News / Student Accomodation

Bristol and the problem with student accommodation

By amanda cameron, Monday Oct 28, 2019

Bristol City Council needs to get a tighter grip on student housing in the city, but its ability to do so has suffered a major setback.

New rules to control the creation of new student blocks and shared flats were proposed in the draft local plan, the city’s blueprint for housing for the next two decades.

The draft policies were developed to limit the problems – such as noise, rubbish and loss of available housing – which high concentrations of students can cause for communities.

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They set out where purpose-built student accommodation can and cannot be built in the city and limit the proportion of houses of multiple occupation (HMOs) in an area to 10 per cent.

The goal is to see more students in purpose-built accommodation, which are seen as better for students and the community, and fewer in HMOs.

But it is not known how soon the policies may be formally adopted, and now the council has learned the hard way that they have limited usefulness in the meantime.

The lesson came when a government inspector overturned the decision of a planning committee to reject a developer’s plans to build three student blocks in Stokes Croft.


Read more: Developer to claim thousands from Bristol City Council following appeal victory


The inspector found there were “insufficient grounds” to conclude the 345-bed development would produce a “harmful concentration of specialist student accommodation” in the area.

As a result of the decision, the council must pay £7,500 compensation to developer Watkins Jones Group, and building of the multi-storey blocks behind the Full Moon pub can begin.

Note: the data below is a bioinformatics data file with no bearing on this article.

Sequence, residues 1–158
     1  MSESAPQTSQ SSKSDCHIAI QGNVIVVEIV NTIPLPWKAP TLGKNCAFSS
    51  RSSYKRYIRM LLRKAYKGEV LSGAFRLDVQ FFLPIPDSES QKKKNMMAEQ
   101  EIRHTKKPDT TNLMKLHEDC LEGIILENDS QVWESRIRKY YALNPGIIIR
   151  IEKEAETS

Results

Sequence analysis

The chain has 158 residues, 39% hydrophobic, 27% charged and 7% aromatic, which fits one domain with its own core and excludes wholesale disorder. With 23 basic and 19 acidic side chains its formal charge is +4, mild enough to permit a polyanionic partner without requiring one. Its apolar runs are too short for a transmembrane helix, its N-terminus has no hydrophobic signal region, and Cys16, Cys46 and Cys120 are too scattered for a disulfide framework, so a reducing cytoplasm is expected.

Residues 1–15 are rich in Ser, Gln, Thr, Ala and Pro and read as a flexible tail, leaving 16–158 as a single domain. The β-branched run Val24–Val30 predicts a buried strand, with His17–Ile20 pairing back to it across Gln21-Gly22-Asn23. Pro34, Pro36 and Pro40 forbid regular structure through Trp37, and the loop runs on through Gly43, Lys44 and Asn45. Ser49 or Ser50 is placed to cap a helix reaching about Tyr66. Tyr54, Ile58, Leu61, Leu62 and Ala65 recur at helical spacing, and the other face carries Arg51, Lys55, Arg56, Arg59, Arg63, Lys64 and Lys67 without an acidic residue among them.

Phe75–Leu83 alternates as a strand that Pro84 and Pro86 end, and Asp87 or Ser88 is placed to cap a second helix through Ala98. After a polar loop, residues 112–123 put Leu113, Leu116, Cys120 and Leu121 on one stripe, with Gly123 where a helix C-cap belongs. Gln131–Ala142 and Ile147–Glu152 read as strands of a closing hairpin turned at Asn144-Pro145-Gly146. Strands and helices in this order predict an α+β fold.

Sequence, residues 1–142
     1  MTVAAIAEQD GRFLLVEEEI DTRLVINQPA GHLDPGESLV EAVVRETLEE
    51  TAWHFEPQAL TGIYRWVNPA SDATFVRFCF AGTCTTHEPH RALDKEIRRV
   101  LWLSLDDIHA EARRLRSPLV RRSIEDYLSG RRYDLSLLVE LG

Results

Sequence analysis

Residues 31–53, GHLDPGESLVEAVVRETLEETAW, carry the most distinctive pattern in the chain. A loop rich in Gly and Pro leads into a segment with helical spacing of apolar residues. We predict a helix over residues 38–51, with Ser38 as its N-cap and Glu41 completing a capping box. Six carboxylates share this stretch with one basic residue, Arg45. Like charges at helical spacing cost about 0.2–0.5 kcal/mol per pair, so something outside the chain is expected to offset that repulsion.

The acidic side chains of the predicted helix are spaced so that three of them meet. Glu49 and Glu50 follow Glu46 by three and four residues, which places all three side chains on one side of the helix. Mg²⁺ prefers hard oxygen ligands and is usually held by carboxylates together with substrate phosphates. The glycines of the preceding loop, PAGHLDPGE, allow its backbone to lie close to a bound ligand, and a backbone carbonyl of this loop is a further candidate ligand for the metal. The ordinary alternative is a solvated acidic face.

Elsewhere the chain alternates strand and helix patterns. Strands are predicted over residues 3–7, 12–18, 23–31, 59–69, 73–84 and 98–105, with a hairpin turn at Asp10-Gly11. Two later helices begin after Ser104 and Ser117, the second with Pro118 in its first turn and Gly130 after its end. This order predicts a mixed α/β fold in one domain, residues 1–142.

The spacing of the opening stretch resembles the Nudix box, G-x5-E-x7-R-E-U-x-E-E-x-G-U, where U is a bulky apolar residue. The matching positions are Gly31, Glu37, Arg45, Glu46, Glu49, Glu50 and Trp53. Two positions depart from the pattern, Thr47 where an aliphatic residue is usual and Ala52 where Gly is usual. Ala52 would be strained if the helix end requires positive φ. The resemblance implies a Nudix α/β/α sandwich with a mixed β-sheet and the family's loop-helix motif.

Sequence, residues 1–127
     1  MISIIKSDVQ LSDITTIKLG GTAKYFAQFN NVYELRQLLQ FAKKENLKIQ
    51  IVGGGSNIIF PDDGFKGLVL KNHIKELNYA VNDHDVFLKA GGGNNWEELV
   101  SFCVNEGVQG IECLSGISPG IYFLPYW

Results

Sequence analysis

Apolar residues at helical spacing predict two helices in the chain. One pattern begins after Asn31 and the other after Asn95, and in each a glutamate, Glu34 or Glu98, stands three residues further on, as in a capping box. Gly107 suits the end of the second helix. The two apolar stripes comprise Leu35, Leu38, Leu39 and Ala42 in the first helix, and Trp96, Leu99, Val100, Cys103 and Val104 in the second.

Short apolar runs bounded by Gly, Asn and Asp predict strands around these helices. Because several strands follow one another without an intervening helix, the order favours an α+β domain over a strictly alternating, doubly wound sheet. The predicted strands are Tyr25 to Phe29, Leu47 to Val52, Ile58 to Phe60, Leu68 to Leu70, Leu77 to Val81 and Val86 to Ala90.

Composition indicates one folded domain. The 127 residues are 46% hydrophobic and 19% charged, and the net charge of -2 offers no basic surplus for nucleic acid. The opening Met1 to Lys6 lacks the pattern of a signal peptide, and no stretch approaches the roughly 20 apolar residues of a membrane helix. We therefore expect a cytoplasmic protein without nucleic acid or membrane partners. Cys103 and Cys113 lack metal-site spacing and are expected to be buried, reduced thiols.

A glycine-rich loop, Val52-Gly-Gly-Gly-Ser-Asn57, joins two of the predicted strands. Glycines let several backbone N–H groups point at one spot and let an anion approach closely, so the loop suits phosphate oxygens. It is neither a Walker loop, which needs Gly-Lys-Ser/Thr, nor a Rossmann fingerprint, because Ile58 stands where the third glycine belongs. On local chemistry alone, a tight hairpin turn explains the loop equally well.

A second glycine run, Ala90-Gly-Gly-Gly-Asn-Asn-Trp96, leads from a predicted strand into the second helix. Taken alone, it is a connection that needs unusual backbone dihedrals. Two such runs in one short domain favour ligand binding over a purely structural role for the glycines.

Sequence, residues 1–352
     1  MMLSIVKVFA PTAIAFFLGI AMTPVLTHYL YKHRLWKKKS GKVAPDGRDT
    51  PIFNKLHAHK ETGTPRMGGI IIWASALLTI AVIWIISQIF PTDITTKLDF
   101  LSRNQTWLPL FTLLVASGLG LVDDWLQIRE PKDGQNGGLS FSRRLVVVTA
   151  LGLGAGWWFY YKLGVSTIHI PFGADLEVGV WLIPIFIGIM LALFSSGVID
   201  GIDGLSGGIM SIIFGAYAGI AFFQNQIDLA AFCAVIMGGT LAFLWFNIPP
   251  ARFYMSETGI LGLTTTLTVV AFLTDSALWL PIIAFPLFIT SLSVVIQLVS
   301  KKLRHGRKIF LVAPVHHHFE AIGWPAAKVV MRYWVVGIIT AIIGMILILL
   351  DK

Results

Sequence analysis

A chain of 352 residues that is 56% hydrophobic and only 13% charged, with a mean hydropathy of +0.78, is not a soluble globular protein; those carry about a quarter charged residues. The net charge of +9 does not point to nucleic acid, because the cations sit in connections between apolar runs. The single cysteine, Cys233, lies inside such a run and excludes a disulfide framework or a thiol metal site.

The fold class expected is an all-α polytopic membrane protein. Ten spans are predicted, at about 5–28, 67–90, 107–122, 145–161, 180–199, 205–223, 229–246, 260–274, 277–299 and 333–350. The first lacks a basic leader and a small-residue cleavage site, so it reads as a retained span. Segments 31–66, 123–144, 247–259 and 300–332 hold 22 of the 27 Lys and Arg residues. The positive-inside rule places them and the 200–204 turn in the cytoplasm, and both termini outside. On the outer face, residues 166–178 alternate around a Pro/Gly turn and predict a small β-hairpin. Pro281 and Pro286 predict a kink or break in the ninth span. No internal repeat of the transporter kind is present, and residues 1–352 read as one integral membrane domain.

Explaining the implications of the decision in City Hall last week, a planning officer said: “The recent inspector’s decision expressed that there are no absolute limits on what would represent a harmful concentration of student accommodation.”

The decision also suggested that any effects of student housing on the overall character or enjoyment of an area can “generally be addressed by efficient management of premises and enforcement of tenancy agreements”, the officer added.

As a consequence, draft policy “can only be afforded limited weight” in planning decisions, he said.

Straight away, councillors were advised to avoid citing an over-concentration of student accommodation among their reasons for refusing another developer’s plans for a 240-bed development in Stokes Croft.

The advice was significant given it was one of the main reasons for public opposition to the development, which would have seen the legendary Blue Mountain nightclub demolished.

“There is a general feeling within public objection comments that a saturation point for student accommodation has been reached,” the officer said, pointing to a map of the central city area.

“There are 2,249 student bedrooms in this enlarged square either completed, under construction or with planning consent,” he said by way of explanation. “That includes 345 that was recently approved at appeal.”

The officer explained existing planning policy supports purpose-built student accommodation in the city centre as long as it does not “contribute to a concentration that would harm the surrounding residential amenity”.

‘There are 2,249 student bedrooms in this enlarged square either completed, under construction or with planning consent’ – a Bristol City Council planning officer

Draft policy states : “Development should be avoided in areas of the city with a strong residential context. These are areas where the majority surrounding land use is residential. In Bristol City Centre they include St. Pauls, Old Market and parts of Harbourside.”

The public had a chance to comment on draft policies H6 and H7, addressing HMOs and purpose-built student accommodation, during a public consultation on the draft local plan earlier this year.